40 - How to keep options open when waiting to decide



At the height of the dot-com bubble in the late 90s, Warren Buffett stayed out of the craze and looked like an idiot for a few years until the bubble burst and he was the one sitting on a piggy bank.

We would all love to be sure of ourselves like Buffett and not have to care about what the rest of the world thinks. But if we’re doing the same things as the crowd, we’ll get the same results as everyone else. That is why until you have what you need to make a big decision, you would want to position yourself for a variety of futures instead of simply going with consensus.

Here are three techniques to keep options open while you make the best choice.

Avoid the worst outcome first: During a particularly busy time in my life, I was desperate for a break. I squeezed into one rainy weekend a road trip with a 12-hour drive each way. Three hours in, I had totaled my new car and was stranded on the highway. To get to smart, you’ve to cross stupid first. Ask yourself: What’s the worst outcome here? Then take steps to avoid it.

First bullets then cannonballs: This is a strategy made famous by Jim Collins. He advises running low-cost low-risk experiments that inform you about the best use for your limited resources (men, money, market). Chip and Dan Heath call it multitracking–considering multiple options at once. Multitracking has built-in fallback options (if not this, then that).

Most decision-makers are aware of this principle. Where they miss out is the ‘at once’ bit. They run one test at a time and grow impatient, or they worry about cost. Sometimes, though, it may just be hard to generate good options to test–that’s when you need to find someone who has solved your problem.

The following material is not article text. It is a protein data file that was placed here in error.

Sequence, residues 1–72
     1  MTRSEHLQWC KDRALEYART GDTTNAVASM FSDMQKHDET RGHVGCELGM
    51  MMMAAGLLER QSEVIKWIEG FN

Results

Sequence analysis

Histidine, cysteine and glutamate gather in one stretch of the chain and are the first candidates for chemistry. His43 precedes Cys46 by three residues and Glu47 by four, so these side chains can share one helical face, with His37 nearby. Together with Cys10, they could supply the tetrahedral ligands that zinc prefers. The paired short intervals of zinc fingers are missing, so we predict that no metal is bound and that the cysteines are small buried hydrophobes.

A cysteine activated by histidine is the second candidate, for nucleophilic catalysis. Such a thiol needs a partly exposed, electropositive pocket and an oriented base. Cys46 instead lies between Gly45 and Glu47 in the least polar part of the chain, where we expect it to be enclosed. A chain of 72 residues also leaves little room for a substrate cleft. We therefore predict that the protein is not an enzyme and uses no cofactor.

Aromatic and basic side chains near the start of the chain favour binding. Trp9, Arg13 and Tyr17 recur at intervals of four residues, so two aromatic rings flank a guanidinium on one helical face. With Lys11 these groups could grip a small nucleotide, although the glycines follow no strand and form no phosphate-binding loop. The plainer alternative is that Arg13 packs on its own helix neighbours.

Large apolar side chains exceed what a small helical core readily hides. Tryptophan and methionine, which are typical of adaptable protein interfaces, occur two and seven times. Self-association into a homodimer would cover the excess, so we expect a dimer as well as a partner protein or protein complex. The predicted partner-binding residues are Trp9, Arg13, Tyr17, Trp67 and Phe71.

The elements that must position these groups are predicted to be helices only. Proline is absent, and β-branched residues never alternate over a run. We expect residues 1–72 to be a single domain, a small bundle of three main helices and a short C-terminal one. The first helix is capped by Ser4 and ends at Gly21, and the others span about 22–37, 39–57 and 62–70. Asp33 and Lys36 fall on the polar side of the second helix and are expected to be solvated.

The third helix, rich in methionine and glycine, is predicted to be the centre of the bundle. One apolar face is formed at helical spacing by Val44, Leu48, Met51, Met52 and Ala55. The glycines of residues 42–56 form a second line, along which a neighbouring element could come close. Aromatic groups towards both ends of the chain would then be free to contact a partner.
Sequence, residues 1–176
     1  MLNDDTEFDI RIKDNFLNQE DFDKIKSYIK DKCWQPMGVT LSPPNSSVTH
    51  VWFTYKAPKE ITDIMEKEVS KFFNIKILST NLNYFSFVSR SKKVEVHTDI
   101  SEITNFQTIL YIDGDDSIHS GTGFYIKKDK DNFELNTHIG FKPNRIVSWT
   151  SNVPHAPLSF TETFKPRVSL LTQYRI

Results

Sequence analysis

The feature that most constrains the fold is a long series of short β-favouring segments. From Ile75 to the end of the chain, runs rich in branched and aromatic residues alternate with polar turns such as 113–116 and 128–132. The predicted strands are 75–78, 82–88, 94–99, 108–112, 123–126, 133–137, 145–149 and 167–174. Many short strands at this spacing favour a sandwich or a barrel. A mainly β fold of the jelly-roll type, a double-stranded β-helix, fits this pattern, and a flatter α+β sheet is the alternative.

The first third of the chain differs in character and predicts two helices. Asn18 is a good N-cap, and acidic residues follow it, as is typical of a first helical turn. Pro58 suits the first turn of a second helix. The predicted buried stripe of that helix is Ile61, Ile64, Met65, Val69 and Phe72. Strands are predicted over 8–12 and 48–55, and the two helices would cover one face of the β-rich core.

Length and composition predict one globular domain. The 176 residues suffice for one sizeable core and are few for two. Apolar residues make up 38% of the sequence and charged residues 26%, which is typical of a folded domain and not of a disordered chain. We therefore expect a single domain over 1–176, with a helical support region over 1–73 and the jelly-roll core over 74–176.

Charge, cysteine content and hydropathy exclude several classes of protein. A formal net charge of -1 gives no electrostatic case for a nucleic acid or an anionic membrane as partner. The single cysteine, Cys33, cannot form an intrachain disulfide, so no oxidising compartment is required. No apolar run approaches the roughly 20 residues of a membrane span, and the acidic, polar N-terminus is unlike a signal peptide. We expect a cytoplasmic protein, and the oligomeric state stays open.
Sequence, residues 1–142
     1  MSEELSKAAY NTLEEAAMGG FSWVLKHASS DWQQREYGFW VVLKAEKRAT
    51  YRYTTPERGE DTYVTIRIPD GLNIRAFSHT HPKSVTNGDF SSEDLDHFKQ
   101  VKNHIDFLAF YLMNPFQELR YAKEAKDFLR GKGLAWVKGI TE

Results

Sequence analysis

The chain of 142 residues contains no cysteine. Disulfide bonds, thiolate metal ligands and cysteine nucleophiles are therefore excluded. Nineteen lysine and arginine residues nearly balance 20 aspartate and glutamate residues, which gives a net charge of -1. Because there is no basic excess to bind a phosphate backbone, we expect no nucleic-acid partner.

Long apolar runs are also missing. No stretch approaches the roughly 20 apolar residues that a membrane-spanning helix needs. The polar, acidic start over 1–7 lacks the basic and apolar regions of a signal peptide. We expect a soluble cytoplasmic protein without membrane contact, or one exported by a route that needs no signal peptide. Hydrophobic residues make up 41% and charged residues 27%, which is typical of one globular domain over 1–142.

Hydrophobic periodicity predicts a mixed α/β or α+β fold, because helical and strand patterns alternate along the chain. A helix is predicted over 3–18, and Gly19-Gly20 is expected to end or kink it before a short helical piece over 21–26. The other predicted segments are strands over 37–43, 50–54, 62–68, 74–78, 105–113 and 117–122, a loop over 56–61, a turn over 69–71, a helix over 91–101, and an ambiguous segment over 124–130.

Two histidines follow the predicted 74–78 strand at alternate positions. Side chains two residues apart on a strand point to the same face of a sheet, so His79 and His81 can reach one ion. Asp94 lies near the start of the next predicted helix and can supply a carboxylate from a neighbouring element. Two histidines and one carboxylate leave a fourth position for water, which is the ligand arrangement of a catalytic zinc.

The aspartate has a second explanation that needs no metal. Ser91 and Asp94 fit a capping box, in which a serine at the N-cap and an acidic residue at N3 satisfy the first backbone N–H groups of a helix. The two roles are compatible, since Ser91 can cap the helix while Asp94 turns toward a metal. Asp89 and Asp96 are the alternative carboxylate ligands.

Attain distance before committing: Fear and worry often drive urgency. You may encounter it acutely with ‘people’ decisions. That’s when it helps to sleep over your decision, even for just a day. Because once you’ve decided, you start seeing things through the filter of your decision. Waiting before announcing allows you time to see the world through that filter.

There’s a time during the process of making a consequential-irreversible decision that tests your resolve. If you feel a certain fear waiting at the crossroads when others have chosen their paths, remember that there’s a certain solace in failing if others are failing too. In the end, you may not be all that upset about missing the mark if most others around you have missed too. That’s just a low base rate. Think of that tough physics paper that baffled everyone in class.

But that’s not all you want. You want to beat the odds. On important things, you want to be right when the world is wrong. For that you’ve to be willing to be short-term wrong and long-term right.

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